Imagine a sunny Sunday in Belfast. Imagine you want to discover new places. Imagine a bus taking you South, in a town on the coast, on the Irish Sea.
This is how our little trip to Murlough National Nature Reserve started: it happened partly casually, taking the 520 bus that passes almost at my doorstep that in one hour and twenty minutes took me and my friend Filippo to Newcastle, Co. Down, Northern Ireland (don’t confuse it with Newcastle Upon Tyne in UK).
Newcastle is a tourist little town full of restaurants, cafes and family activities. Its peculiarity is that it is enclosed between the white beach that blends in the Irish Sea and the base of Slieve Donard, the main peak of the Mourne Mountains, the biggest mountain chain in Northern Ireland. Another trait is that at the town’s limits there are three important parks: two – Donard Park and Tollymore Forest Park – are South, at the base of Slieve Donard; another one extends on the coast between Newcastle and Dundrum: it is the Murlough National Nature Reserve of which I will talk today.
As first thing: why Murlough and not one of the other parks? At the beginning of our trip, me and Filippo didn’t know exactly what we would visit in the end: we organized everything in a hurry and we had few time for research, so we thought to decide the actual destination once in situ. When in Newcastle, the decision was pretty easy: once opened Google Maps we compared the times to walk to the various places. Murlough Nature Reserve was the closest and, since it was already lunch time, the one that would have let us more free time for the visit.
As the destination was decided, we started to walk and, after about 50 minutes, we arrived at Murlough Reserve’s entrance:
Our first step was to stop at the National Trust hut to ask for information: I read on the web that in this zone there should be the Slidderyford Dolmen but I couldn’t find it anywhere (and I don’t think it can pass unnoticed); the guides couldn’t help me, however it was useful to stop, since we received two pretty useful maps of the Reserve.
They also explain us that the East part of the Reserve could be closed. We decide anyway to walk the path in that direction to reach the beach, and from our first step we are surrounded by a peculiar panorama, that I’ve never seen before:
Murlough Nature Reserve, in fact, is made of two incredible landscapes fading one in each other, becoming together a show of blinding beauty: the fine sand and savage heath system of dunes and the beach, rich of shells, that goes in the Irish Sea.
We decided for the walk on the beach, but the heath is no less interesting: here, as in many natural areas in Northern Ireland (do you remember Oxford Island, for example?), is a paradise for bird watching enthusiasts, but not only, since the Reserve is the natural habitat for over 668 species of butterflies and moths.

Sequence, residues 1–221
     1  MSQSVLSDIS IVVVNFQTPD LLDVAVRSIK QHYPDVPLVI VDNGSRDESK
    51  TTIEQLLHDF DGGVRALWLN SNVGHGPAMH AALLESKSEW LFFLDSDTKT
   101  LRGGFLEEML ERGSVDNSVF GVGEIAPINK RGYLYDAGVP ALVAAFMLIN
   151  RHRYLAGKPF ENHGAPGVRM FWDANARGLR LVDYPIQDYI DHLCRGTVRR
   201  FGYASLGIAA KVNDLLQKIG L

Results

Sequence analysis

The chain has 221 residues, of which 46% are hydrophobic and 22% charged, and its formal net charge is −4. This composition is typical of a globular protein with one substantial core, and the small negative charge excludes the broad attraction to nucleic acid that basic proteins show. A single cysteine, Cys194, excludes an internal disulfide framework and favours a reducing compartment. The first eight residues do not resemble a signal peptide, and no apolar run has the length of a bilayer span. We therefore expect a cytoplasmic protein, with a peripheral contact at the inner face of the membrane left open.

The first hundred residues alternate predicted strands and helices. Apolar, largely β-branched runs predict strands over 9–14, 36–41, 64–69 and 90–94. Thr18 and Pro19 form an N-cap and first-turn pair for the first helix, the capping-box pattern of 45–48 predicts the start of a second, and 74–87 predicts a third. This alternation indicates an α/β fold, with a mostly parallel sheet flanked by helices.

On the background there are the Mourne Mountains, Slieve Donard in particular.
In front of us, the Irish Sea: a pretty different sea from the Mediterranean I’m used to, still the endless water expanse with its orizon that makes me dream.
Under our feet there are the finest sand, little stones consumed by water and many beautiful shells:
The sand here is so fine that at some point it is difficult to walk: our steps sink, we leave deep footprints. This never happened to me anywhere!
Going ahead through the beach we find a tall sand dune: the temptation of climbing it is incredible, and in fact…
From here the view is breath-taking:
And like this, in and out from the dunes, a sudden marvellous view after another, we walk along all Murlough Nature Reserve:
The landscapes are incredible and these pictures are the evidence. The white sand, the heath coming all its way to the beach, the Irish sky reflected on the water: all this contributes in creating a unique atmosphere, suspended in time and space.
An antique airplane cuts through the sky silently, peacefully, and I imagine the marvel in the pilot’s eyes:
Marvel that is also in our eyes and ears, that finally can rest from the chaos of the city in this silence broke only by the waves of the sea:
I’ll be back around here to see the rest of the Nature Reserve: enchanted by our walk on the beach, we skipped the right gate for the walk back in the heath. The last bus to Belfast was in the late afternoon, so we had to reach Dundrum in a hurry to not end passing the night here.
Between the Dolmen (I’m not giving up on it!), the rest of the Reserve, the other two parks and Slieve Donard, there’s a lot to see in this zone: I can’t wait to enjoy another sunny day in Northern Ireland.
How I reached the place:
- bus 520 from Great Victoria Street Bus Station – Belfast for Newcastle’s Bus Station
- walking from Newcastle to Murlough Nature Reserve
- bus 520 from Dundrum to Great Victoria Street Bus Station – Belfast
Bus: £ 9
The Reserve is free entry, but there’s a ticket for the parking.
Thanks to Sean for giving the starting idea for this visit.